by Vatsala SethiDec 26, 2022
In the age of quick methods and instant results, the exhibition ReFiguring, one painting at a time by Dona Nelson at Thomas Erben Gallery in New York, United States, offers a rare peek into the world driven by a long process. The creative engagement in which the American painter involves herself is a labour of love and efforts towards paintings. Each layer of paint in the work leaves a trace to open a window to the multiplicity of effort invested in the making of the work. This art exhibition is a follow-up of Nelson's much-acclaimed contribution to the 2014 Whitney Biennial. Moreover, this show runs in conjunction with another critically acclaimed show, Phigor. It successfully led to the acquisition of her work by the art museums and foundations such as the Museum of Fine Arts, Boston, Rose Museum, Brandeis University, Museum of New South Wales, Sydney and the Kadist Foundation.
With the dawn of digital technology in the 1960s, the inventive principle of the large-scale abstract painting was considered to have come to an end by artists and critics alike. This was compounded by the rising trends of paintings to be approached with an art market. “Reducing the painter’s role to that of a high-end commodity producer and greatly enhancing the art dealer’s creative role. Young people who want to paint in 2022 need to know that large-scale painting is rich with possibilities for material invention and the material invention is the first step to rethinking painting conceptually,” informs Nelson in an interview with STIR.
To make the current audience savour the beauty of large-scale abstract paintings, Nelson necessitated a rethinking of typical late 20th century gallery conventions surrounding the display of paintings. “I wanted to activate the position of the art viewer. For many abstract art expressionists, making big paintings with their whole bodies challenged the conventions of easel painting. I wanted the physical aspect of viewers walking around, looking at my two-sided paintings, to activate my paintings. I do not think that big painting can satisfactorily be experienced in photographs,” confesses Nelson.
The landscapes that Nelson has inhabited find a new place in her canvases. Surveyor’s Lunch is a portraiture of her father, a surveyor and then a civil engineer in Nebraska where the artist was born and lived until she was close to seven years old, at which time her family moved to Indiana. Nelson says, “The landscape in that painting is completely invented, and, looking at it now, it seems a strange landscape, with a top half that is different from the bottom half of the painting where my father sits on a fallen tree. It’s like the top half is Nebraska and the bottom half is Indiana. The top of the painting with the little houses probably references all the stories I heard growing up about my Danish grandmother Phema’s family who homesteaded in Nebraska in the late nineteenth century. Initially, they lived in sod huts.”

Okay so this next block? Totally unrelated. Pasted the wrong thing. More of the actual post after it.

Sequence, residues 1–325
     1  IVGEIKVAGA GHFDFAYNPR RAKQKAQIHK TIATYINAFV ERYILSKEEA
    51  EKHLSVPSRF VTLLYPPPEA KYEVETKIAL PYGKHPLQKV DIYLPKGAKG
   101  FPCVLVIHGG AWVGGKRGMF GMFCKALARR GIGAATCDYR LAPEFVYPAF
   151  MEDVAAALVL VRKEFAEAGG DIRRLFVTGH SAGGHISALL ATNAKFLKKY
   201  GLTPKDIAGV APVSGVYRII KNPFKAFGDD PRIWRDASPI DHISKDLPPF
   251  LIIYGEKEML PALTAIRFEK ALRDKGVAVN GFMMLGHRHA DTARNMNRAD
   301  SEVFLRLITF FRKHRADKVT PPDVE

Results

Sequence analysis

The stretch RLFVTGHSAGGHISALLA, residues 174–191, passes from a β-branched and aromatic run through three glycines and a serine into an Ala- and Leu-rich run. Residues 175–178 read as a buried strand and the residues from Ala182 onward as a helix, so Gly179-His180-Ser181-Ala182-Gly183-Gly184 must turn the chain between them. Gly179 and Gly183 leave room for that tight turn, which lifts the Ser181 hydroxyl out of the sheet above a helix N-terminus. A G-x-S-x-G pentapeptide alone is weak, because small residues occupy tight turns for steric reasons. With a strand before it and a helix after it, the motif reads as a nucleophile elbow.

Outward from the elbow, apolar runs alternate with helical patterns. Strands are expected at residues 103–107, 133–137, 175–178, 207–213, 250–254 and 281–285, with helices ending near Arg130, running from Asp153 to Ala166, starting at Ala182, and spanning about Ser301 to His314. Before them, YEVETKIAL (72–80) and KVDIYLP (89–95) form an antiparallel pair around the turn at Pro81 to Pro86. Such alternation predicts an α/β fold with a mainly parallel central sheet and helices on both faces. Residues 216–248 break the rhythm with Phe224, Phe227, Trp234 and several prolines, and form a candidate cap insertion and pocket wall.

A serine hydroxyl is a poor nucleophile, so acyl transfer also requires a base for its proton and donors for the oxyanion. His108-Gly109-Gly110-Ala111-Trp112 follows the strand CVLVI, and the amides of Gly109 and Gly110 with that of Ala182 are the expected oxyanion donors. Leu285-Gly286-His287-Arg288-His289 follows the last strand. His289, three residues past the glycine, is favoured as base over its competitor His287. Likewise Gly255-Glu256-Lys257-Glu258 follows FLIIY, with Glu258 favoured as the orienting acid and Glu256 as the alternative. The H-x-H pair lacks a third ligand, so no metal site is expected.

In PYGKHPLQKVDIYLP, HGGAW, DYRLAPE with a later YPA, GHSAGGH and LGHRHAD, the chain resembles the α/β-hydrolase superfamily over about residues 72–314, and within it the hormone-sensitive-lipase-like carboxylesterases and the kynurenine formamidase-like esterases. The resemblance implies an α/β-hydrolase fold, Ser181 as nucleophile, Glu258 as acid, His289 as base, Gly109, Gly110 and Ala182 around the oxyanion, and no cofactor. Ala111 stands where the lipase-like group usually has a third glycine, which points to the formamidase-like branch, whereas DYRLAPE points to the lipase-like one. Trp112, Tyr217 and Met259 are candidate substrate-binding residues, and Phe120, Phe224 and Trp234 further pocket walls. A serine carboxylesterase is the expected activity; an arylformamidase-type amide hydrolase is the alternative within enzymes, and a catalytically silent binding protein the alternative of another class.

The straight line of the horizon and the tall Nebraska sky with high clouds had a deep impact on Nelson as a child. Interestingly, when Nelson sees a horizon line, she feels grounded. “Since I turned 20, I have lived on the East Coast, and only at the seashore am I able to see the horizon as I could in Nebraska. The horizon line and having a job to do is the crucial connection between The Fisherwoman (2022), and Surveyor’s Lunch (1981). I come from a family of farmers, and to me, what is interesting about landscape is its connection to labour. My two-sided paintings require a lot of labour, flipping the canvas and so on, and I like the labour of making a big painting,” explains Nelson.
Her latest work Fisherwoman started by covering the front of the canvas with stripes, two inches apart, made with rolled-up strips of cheesecloth that were soaked with acrylic gel medium. She walks us through the making of the painting, “These strips dried into hard ridges, then I poured fluid acrylic paint in the little channels between the stripes. Horizontal stripes naturally result in an abstract landscape-type image. Happily, the paint soaked through to the back in such a way that, when I righted the painting, I found a seascape on the back of the canvas! The great thing about making two-sided paintings is that I am pouring the paint on the face of the painting while the work is parallel to the ground, resting on milk crates, so I do not see the back until the paint is dry. As soon as I saw the back of Fisherwoman, I imagined a figure connected to the stretcher bars, so that the blue and white stains on the canvas would be read as the sky. I very much wanted to activate that spatial illusion with the head of the fisherwoman in front of the sky, so I found a model to pose for me, holding on to the stretcher bars.”
For Nelson, “The thing that makes painting eternally relevant is that it is an illusion that is physical. Paintings are analogous to what it is to be alive. In our bodies, we think.” Nelson is confident that after watching her works the viewers would not see it as an immersive art practice that is bound to traditional ideas about the distinction between abstract and figurative art.
The exhibition ReFiguring, one painting at a time runs at Thomas Erben Gallery until December 17, 2022.